The two sides often don’t get one another.  Those who haven’t been raised to see the world as a hostile environment in which good seldom arrives tend not to get the deeply-seated beliefs of those who see the world as full of problems and grievances.  Those who are used to complaining have trouble understanding the confidence and positivity of those who weren’t raised to expect the worst.

It recently struck me how much this divide impacts people trying to live by the Law of Attraction/Create Your Own Reality principles.  Because if your ingrained way of thinking is to view the world as full of stuff to whine about and an unhappy place in which nothing you might try is likely to help, you’re pretty much never going to attract the positive stuff.  The attraction of good stuff comes from that place of confidence and the assumption that good is coming.

It doesn’t help to do a daily meditation with a vision of a better job or relationship or more friends or deeper happiness, etc. if all the rest of the time you’re whining and complaining about all that’s wrong.  It doesn’t help to say an affirmation a few times a day if the other thousands of daily thoughts in your head are about all the things you think are wrong or how you’re suffering, etc.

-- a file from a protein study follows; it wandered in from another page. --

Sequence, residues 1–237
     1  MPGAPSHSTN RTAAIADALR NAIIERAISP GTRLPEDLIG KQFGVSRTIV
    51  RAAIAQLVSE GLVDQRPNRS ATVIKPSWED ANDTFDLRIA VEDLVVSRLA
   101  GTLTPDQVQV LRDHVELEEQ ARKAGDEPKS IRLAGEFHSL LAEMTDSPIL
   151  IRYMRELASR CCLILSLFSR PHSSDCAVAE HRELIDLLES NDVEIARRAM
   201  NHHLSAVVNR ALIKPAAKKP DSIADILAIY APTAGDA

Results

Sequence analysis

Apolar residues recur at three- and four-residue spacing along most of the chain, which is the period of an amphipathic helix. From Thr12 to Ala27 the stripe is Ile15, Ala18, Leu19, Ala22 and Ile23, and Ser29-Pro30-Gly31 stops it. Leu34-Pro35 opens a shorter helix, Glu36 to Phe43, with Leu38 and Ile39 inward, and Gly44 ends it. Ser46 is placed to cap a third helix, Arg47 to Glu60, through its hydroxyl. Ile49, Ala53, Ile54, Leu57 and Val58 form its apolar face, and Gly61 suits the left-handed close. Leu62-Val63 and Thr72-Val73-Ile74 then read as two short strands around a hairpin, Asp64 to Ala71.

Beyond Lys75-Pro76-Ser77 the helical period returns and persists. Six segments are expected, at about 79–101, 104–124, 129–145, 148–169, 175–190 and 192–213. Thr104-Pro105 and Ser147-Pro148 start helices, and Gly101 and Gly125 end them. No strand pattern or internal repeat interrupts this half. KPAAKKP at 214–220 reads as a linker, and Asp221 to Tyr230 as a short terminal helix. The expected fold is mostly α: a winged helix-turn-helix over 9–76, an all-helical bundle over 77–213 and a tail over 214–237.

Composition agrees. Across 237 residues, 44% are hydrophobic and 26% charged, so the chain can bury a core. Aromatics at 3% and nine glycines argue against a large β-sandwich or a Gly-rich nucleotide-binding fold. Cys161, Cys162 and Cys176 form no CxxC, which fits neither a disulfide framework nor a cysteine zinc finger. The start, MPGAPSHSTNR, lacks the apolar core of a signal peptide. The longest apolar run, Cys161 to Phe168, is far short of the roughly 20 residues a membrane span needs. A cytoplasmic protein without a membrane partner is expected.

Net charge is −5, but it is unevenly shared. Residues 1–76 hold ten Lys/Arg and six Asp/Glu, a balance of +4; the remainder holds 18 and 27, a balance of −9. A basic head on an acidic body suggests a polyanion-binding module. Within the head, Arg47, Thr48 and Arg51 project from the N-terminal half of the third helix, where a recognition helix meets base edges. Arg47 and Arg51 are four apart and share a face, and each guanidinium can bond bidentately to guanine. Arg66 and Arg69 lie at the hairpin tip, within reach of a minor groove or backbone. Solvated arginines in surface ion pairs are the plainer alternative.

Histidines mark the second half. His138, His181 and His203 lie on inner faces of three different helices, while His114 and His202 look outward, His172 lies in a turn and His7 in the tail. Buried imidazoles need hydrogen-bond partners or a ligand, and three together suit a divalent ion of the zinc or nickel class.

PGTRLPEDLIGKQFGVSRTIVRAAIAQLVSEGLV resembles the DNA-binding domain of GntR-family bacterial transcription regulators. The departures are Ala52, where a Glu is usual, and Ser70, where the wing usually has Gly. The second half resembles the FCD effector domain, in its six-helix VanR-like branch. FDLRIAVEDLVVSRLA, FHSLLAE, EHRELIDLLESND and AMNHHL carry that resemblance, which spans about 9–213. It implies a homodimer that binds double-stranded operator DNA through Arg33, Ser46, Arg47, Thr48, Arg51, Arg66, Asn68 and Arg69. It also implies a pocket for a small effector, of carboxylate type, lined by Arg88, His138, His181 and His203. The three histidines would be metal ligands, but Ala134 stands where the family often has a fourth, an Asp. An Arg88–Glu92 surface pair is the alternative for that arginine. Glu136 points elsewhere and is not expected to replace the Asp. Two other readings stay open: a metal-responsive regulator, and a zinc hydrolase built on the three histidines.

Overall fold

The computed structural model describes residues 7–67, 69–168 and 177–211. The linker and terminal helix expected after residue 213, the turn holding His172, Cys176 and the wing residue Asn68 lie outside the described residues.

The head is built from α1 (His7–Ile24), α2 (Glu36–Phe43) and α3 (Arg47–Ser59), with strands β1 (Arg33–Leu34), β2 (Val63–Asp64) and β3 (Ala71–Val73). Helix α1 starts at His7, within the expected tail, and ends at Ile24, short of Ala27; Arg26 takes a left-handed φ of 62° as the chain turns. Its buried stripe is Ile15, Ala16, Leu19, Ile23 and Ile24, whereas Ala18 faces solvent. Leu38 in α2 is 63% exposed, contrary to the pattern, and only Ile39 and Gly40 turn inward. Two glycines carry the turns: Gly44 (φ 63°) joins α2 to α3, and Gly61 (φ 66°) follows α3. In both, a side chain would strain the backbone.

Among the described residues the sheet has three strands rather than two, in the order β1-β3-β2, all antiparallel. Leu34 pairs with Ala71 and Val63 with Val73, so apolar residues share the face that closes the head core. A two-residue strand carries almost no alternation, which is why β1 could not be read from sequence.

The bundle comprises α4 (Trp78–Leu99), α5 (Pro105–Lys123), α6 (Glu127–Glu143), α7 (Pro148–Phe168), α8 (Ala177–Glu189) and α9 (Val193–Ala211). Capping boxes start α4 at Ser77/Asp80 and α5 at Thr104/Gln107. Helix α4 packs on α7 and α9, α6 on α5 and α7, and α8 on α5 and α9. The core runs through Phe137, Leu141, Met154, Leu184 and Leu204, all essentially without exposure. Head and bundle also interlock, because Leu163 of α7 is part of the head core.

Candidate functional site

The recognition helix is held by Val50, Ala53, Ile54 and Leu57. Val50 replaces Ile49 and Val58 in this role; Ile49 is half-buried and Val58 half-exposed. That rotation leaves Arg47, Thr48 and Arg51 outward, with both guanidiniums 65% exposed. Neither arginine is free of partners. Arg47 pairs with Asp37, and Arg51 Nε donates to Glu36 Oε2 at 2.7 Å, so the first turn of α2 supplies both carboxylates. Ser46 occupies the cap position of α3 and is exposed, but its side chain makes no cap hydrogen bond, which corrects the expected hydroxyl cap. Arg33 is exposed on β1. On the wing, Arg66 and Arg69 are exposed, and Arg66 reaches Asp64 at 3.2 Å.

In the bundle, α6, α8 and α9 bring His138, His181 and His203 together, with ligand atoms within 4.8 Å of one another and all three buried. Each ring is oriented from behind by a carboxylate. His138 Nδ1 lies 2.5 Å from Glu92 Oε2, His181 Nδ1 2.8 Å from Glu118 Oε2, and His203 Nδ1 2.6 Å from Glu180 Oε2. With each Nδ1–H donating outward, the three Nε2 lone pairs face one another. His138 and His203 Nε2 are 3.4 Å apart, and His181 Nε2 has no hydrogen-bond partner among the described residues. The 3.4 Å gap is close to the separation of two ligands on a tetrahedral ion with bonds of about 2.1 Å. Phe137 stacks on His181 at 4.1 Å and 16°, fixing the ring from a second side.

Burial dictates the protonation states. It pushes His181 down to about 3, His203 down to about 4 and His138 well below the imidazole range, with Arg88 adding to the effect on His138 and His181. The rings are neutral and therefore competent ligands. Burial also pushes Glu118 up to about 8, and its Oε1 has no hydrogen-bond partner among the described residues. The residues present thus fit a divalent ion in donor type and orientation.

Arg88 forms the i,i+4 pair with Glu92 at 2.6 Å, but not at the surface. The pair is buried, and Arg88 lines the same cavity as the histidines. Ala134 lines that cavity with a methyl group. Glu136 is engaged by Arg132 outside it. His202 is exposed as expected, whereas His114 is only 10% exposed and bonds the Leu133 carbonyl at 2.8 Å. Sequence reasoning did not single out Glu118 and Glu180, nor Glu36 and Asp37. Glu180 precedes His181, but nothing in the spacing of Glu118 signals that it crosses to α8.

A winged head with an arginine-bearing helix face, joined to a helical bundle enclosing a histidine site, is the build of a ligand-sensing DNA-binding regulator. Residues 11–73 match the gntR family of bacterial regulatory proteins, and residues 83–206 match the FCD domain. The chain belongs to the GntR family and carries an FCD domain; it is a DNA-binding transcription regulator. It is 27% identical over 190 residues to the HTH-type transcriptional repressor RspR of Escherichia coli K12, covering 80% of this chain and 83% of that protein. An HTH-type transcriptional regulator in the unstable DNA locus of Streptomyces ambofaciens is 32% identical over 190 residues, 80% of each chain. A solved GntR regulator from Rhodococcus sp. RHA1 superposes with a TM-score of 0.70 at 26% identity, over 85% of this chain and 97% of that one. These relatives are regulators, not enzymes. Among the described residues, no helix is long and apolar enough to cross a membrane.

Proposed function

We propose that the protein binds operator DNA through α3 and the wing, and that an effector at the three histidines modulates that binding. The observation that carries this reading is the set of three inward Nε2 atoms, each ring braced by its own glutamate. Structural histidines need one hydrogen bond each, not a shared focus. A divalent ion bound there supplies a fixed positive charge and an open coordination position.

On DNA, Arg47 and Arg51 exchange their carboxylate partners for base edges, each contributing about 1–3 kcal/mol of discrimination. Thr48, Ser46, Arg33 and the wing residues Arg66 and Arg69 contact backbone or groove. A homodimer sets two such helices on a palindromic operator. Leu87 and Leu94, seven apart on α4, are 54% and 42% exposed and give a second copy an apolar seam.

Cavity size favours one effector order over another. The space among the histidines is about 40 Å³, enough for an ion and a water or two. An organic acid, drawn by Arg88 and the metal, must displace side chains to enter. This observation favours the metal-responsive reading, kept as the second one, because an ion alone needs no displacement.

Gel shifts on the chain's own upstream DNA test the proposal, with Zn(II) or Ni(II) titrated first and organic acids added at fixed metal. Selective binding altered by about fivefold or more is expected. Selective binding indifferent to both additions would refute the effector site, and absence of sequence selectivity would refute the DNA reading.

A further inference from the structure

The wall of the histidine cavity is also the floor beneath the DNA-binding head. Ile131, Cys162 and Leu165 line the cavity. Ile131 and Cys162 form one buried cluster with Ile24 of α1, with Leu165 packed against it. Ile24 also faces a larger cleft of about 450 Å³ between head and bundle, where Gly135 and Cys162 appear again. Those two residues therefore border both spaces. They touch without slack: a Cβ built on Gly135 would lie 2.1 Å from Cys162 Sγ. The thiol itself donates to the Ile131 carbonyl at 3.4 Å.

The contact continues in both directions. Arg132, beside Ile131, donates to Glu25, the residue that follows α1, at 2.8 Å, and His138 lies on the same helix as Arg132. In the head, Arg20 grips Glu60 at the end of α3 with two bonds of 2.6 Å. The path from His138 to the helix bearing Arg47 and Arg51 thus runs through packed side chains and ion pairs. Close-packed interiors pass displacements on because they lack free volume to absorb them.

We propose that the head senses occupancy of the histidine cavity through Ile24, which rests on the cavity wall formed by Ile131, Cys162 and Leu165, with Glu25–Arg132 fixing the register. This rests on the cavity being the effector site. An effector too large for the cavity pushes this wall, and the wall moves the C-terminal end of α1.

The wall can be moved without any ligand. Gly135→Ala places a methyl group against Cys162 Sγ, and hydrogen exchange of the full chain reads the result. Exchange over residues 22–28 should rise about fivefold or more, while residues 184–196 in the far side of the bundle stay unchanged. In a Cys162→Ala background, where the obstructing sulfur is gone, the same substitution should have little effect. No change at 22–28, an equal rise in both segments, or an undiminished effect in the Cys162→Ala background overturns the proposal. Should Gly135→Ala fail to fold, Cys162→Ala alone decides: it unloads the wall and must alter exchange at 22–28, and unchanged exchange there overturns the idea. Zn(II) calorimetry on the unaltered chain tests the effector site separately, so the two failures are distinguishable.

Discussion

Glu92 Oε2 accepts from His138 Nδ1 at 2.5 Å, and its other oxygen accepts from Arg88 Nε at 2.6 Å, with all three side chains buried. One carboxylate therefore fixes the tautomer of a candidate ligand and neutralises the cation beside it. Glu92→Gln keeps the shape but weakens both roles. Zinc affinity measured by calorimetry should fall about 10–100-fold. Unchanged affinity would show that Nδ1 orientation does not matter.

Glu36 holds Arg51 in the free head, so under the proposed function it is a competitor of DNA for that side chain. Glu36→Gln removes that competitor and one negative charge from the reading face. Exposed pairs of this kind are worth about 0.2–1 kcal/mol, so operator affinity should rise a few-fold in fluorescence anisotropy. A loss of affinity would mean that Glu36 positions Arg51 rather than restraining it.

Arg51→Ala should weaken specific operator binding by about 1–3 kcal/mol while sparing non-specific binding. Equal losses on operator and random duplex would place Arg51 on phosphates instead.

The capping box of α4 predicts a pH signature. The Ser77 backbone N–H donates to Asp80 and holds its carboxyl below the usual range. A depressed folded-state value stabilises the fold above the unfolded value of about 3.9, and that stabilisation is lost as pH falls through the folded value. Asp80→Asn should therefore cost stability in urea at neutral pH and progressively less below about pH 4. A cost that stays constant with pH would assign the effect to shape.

I’ve realized in waves how deeply ingrained the negative thinking habit has been in me and it’s been quite a journey to reach a different view — most of the time; I can still whine pretty good 🙂  Next time I’ll provide a bunch of suggestions about how you can get past these ingrained patterns.

13 thoughts on “Whining and complaining and other ingrained habits

  1. Thank you for this post. I was writing someone recently about this very topic 🙂 I come from a complaining family also. Maybe its a cultural thing, I don;t know. What I do know is that I have to regularly course correct. Do you find it easier to do when you have a clear strategy? I look forward to future posts on this topic.


  2. Ah yes, I’ve recognised the complainer in myself. Don and I help each other with this one, and also help each other to focus on the positive. I do think a vast number of people think complaining and judging somehow makes them *be* someone. It’s their identity.

  3. Great timing with this post. There was a lot of complaining in my family, and I definitely learned to plan for and expect the worst. At the same time, I was sorta taught the law of attraction as I grew up. The rejection of solutions is a problem for me. I remember having a therapist tell me that it was amazing that I did anything in life. I look forward to your next posts.


    • Every now and then something points me back to an old post (in this case one of those Facebook memories) and I realize to my chagrin that I missed somebody’s comment. Sorry I’m so late, but I wanted you to know I’m pleased to see your comment.
      Oh boy that rejecting solutions one is something I find myself doubling back to periodically…

  4. Thanks a lot for sharing, Leigh. This is deep and insightful.

    It is so true that a single affirmation won’t help attract a new car if the rest of the thoughts is about how unfair life is.